No. I did not meditate in those situations, what I meant is that I relate to the experience. I did not do high frequency noting in daily life as I felt it only made things worse.

Yes, which brings me back to my original question (ie. how to scrape together enough mindfulness, pure intention, and momentum while meditating off-retreat?) Do you do this by just meditating straight through every event all day long, and somehow manage to function in near-psychosis by somehow putting daily activities on autopilot while diligently continuing with the work of scraping together mindfulness and momentum? Or, is there some other way that it's done, such as what's suggested by Beoman, that the meditating mind just shuts off while doing daily activites but somehow the scraped together mindfulness and momentum still somehow becomes sufficient to "plop out"?

In my experience momentum applies to two different aspects: Long-term and short-term. You need long-term momentum to swim out into the ocean and stay there, not letting the currents drift you back to shore. You need short-term momentum to be able to dive all the way down to the ocean floor.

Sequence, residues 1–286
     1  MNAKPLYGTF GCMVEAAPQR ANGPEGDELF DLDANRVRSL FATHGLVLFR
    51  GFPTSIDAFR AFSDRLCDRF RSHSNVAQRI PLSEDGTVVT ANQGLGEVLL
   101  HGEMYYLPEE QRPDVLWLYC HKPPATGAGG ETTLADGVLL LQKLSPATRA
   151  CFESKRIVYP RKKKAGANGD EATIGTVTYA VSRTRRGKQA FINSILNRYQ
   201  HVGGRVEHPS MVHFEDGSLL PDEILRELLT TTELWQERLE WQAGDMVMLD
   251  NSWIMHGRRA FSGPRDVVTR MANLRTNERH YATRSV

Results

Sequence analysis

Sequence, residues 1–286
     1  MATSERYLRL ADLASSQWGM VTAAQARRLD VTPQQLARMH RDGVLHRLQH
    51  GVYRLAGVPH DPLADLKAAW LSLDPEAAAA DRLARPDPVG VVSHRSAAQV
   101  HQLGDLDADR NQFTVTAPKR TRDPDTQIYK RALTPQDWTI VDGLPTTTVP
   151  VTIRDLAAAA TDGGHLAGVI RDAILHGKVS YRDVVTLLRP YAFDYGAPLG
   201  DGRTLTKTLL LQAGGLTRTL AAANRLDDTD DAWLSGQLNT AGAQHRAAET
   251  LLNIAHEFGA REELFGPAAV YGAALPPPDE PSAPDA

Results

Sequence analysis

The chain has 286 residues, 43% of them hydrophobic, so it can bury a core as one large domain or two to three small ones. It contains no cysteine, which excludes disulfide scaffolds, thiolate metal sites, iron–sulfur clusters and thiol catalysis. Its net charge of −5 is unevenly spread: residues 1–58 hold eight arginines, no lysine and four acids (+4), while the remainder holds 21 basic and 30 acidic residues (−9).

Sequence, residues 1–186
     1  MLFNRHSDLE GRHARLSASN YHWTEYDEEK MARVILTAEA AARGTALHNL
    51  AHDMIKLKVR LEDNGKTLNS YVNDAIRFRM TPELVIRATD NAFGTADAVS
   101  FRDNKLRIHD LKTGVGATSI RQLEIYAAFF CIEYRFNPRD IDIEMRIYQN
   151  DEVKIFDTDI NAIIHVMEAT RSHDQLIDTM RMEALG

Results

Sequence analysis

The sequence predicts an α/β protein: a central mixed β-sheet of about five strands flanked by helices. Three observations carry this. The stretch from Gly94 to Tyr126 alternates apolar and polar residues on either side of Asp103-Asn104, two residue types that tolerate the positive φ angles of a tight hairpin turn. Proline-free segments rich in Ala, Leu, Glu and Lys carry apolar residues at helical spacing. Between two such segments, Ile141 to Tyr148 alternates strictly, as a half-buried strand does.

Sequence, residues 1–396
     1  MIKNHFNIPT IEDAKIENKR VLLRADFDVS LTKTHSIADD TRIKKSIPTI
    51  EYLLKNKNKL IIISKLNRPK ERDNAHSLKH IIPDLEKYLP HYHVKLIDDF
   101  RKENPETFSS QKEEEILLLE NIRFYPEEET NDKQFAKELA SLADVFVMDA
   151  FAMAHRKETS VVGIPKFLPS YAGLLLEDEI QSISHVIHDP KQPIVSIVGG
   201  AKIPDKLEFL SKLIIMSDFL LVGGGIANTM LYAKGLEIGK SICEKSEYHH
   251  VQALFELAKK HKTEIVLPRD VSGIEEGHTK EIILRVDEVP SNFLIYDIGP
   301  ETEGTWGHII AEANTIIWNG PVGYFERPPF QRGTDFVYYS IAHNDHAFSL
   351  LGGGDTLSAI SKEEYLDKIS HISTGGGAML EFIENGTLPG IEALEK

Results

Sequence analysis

In the months before path I would use every free moment (not in daily life activities) to contemplate "what am I?" and similar type inquires. Peeling back the onion. Being utterly honest.

Obviously I'm no teacher, but if I could offer one advice it would be this: Don't just go through the motions and hope for lighting to strike. Use your intuition and do what you think would work if someone held a gun to your head. emoticon

I wish you the best.
thumbnail
Jane Laurel Carrington, modified 9 Years ago.

RE: Meditating Off-Retreat

Posts: 196 Join Date: 12/29/10 Recent Posts
"So, I lie down and I apply attention with relentless effort, giving everything I possibly have to stay attentive with the sensations of the present moment."